China sets new thorium reactor project deadline for 2024
15 April 2014
According to an article in the South China Morning Post, the Chinese government has brought forward by 15 years the deadline to develop a nuclear power plant using the radioactive element thorium instead of uranium. The SCMP says the team of Shanghai-based researchers working on the project has now been told it has 10 instead of 25 years to develop the world's first such plant.
A conventional nuclear power plant at Lianyungang, China
The project has been given new urgency by the increasing problem of air pollution across the country, mainly caused by coal-fired electricity generation.
"In the past, the government was interested in nuclear power because of the energy shortage. Now, they are more interested because of smog," Professor Li Zhong, a scientist working on the project, told the Hong Kong-based newspaper.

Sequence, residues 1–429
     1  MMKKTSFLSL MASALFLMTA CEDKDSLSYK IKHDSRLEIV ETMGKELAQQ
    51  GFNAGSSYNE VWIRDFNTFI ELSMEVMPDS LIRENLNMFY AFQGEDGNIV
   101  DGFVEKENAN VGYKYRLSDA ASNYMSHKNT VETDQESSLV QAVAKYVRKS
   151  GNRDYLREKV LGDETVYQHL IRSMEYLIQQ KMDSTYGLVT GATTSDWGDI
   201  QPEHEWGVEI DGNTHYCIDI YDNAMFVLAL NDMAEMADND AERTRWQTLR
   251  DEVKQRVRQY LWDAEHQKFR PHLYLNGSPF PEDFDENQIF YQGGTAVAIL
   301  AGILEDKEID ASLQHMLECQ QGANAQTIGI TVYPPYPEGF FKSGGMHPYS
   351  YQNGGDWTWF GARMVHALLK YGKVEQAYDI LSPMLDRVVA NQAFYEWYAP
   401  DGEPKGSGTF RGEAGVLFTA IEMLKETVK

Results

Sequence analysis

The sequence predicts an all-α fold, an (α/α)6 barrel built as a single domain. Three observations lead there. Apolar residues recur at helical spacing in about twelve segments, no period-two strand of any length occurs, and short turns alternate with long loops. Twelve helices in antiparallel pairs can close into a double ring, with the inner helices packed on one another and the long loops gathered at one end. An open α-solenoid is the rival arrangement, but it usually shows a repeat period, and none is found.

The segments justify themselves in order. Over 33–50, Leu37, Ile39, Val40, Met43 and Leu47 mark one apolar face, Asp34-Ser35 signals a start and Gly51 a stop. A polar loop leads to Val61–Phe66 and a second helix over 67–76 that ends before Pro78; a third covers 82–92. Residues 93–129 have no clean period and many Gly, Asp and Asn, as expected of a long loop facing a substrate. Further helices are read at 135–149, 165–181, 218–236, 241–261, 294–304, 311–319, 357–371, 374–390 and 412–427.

An advanced research centre was set up in January by the Chinese Academy of Sciences with the aim of developing an industrial reactor using thorium molten salt technology.
China has 20 uranium-fuelled nuclear plants in operation and another 28 under construction, but wants to take advantage of the relative abundance of thorium to develop a separate method of nuclear generation.
The Chinese Academy of Sciences claims the country now has “the world’s largest national effort on thorium”, employing a team of 430 scientists and engineers, a number planned to rise to 750 by 2015. The team plan to fire up a prototype solid fuel thorium reactor in 2015 and by 2017, the Shanghai Institute of Applied Physics expects to have one that uses the more advanced but problematic fuel, molten thorium fluoride.